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Auto blogSat, 04 Oct 2014 17:25:00 EST
When we read reports that Ferrari had applied for a patent on a V-twin engine design, our first thought was to check the date: this says the first of October, right... not April? And so here we are, entertaining the notion that Ferrari could be developing a motorcycle engine.
The report comes from Autocar, which claims to have dug up the application to patent the design for an "internal combustion engine having two cylinders, which are arranged in a 'V' configuration." In other words, a motorcycle engine. The application reportedly goes on to describe a balancing shafts to reduce vibration. Our own research did not lead us to find the application in question, so we'll have to take it with a grain of salt for the moment. But supposing it's all on the up and up, and that Ferrari was actually developing a motorcycle engine. Would that be so out of the ordinary?
Well, yes and no. Parent company Fiat, which is taking increased direct control of Ferrari, is undoubtedly looking at rival Volkswagen and its recent acquisition of Ducati (putting it in close proximity to Lamborghini) and would be keen to get in on that action. However tenuous the relationship, Lotus has also recently authorized a motorcycle bearing its name. And of course automakers like BMW and Honda, with which Ferrari has competed on and off the race track, also make motorcycles.
When the grid lined up at the Autódromo José Carlos Pace in Brazil there were just 71 laps, almost 306 kilometers, until the end of the 2013 season. Sometimes the circuit in Interlagos is deciding a Championship winner or showcasing new talent, and sometimes it's merely deciding a winner. This year was the latter.
2013 World Champion Sebastian Vettel in the first Infiniti Red Bull Racing lined up in front of Nico Rosberg in the first Mercedes-AMG Petronas, Fernando Alonso in the first Ferrari, Mark Webber in the second Red Bull and his final Formula One race, Lewis Hamilton in the second Mercedes, Romain Grosjean in the Lotus, Daniel Ricciardo in the first Toro Rosso and his final race for the team before moving to Red Bull, his teammate Jean-Éric Vergne, Felipe Massa in the second Ferrari and Nico Hülkenberg in the Sauber.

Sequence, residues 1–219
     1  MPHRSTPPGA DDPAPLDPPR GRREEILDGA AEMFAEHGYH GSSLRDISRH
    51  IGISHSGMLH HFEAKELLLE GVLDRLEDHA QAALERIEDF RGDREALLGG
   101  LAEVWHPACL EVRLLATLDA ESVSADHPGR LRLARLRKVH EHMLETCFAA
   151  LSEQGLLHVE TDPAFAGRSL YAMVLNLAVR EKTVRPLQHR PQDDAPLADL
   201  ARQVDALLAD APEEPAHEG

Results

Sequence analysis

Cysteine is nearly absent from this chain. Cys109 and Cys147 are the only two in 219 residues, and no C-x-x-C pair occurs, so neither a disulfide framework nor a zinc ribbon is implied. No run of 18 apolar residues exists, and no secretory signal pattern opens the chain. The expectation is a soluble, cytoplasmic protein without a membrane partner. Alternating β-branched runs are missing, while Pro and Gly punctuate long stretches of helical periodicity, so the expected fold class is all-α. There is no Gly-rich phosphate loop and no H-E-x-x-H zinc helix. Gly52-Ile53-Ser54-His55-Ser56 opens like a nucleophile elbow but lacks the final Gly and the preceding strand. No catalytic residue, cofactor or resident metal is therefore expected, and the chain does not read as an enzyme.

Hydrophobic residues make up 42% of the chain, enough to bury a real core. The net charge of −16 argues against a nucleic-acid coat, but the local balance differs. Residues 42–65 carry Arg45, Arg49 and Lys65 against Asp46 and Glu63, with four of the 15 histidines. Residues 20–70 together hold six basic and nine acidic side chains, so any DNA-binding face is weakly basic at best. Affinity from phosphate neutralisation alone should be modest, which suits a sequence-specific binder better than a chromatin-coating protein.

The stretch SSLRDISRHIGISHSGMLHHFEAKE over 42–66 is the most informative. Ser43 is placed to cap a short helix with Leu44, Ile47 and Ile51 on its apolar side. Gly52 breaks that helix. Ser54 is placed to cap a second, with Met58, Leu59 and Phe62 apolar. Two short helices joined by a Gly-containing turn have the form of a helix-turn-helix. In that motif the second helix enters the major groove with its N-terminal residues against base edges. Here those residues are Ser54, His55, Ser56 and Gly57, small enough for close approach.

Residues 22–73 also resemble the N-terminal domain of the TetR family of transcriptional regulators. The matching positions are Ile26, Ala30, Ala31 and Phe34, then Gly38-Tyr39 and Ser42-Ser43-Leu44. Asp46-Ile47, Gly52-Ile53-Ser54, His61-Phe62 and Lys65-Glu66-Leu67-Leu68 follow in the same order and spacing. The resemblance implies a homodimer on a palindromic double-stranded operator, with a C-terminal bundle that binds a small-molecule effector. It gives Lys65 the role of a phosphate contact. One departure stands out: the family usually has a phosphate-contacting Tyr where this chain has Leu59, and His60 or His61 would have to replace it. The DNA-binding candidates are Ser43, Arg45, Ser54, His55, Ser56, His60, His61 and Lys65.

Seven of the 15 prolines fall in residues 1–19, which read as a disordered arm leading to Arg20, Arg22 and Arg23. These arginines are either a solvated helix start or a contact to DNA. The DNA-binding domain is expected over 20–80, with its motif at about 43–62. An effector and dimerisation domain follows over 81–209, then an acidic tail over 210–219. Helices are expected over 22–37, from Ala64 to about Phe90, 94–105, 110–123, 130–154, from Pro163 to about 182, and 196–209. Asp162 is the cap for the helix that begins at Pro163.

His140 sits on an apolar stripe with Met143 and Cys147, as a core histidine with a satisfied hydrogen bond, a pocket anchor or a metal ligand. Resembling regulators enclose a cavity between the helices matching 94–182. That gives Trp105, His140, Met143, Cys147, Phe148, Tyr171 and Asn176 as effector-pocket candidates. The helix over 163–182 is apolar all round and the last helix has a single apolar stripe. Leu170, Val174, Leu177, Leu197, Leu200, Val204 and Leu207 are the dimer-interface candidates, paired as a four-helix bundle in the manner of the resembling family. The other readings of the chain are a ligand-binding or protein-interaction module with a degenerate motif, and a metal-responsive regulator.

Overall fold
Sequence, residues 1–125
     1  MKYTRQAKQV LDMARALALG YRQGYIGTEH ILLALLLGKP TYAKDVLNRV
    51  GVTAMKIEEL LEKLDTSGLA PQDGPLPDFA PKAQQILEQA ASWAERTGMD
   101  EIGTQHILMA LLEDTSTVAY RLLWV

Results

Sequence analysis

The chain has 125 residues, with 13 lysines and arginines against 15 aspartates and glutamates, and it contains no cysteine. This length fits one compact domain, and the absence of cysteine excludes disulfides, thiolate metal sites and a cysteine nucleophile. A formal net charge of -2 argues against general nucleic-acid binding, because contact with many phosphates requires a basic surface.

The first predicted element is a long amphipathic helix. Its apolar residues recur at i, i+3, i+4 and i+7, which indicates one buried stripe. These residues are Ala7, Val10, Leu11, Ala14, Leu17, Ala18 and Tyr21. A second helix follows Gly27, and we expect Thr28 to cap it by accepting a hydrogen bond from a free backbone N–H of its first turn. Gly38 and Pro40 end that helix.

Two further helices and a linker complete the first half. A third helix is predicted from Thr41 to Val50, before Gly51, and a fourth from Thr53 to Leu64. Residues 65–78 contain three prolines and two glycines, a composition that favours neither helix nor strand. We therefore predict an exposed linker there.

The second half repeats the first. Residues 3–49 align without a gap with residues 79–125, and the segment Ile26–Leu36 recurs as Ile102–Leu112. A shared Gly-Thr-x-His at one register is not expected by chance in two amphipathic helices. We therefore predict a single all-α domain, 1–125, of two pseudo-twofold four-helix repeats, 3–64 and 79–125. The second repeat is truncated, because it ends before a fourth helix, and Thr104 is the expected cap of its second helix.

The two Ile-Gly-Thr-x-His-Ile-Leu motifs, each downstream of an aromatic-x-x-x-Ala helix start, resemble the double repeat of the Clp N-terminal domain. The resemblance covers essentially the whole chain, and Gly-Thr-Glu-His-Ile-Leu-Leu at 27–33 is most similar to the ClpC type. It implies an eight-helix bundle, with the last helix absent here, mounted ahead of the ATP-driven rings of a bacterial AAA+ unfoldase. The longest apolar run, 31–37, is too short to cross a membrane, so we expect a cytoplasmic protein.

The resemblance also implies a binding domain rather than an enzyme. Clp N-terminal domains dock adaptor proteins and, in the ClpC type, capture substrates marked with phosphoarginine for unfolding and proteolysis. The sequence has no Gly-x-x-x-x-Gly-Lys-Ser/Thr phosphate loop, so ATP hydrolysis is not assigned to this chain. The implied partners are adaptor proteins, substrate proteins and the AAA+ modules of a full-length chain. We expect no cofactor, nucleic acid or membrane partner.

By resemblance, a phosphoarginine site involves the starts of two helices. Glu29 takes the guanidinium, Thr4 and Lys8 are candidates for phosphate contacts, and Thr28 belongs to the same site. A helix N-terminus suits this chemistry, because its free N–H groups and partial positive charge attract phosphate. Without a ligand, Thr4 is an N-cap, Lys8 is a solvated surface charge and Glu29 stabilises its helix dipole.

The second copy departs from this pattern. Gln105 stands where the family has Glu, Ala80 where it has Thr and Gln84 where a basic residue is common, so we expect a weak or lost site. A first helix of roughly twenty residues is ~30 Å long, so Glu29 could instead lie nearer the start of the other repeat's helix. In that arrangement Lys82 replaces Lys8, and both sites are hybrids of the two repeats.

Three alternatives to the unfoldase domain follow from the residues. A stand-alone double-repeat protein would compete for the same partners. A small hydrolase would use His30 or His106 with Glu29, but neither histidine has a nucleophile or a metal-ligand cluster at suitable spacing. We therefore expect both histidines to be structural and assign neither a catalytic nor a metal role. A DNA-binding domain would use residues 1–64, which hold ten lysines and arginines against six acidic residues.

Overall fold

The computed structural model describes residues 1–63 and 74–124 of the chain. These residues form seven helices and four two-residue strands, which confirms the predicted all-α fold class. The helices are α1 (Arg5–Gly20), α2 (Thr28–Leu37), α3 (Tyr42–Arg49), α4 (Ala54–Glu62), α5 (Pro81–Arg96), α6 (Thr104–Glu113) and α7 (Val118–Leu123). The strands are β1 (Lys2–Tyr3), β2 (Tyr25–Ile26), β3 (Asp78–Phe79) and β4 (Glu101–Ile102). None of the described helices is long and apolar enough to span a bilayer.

There were numerous theories about what surprises might occur, with race day being the first dry running of the weekend and rain predicted to fall at some point during the running. The first surprise came when the lights went out and Vettel, the consummate starter, got beat to the first corner.
With the Belgian Formula One Grand Prix happening this weekend, Shell reminded a few guests what the Spa-Francorchamps track and Belgian countryside were like in 1955. That year the petroleum company made a 30-minute movie about the grand prix - this is back when the track was called the Francorchamps National Circuit, near the town of Spa, and a list of its important corners didn't include a mention of Eau Rouge - where it was doing the same thing it still does today: working on fuels and lubricants via its technical partnership with Ferrari.
To create the mood, journalists were invited to a vintage cinema where they mingled with Ferrari F1 drivers Fernando Alonso and Felipe Massa and other extras in period fifties gear, and watched a screening of 1955 Belgian Grand Prix. You can scroll down for a screening of your own, as well as the press release, minus the petits-fours and pinups.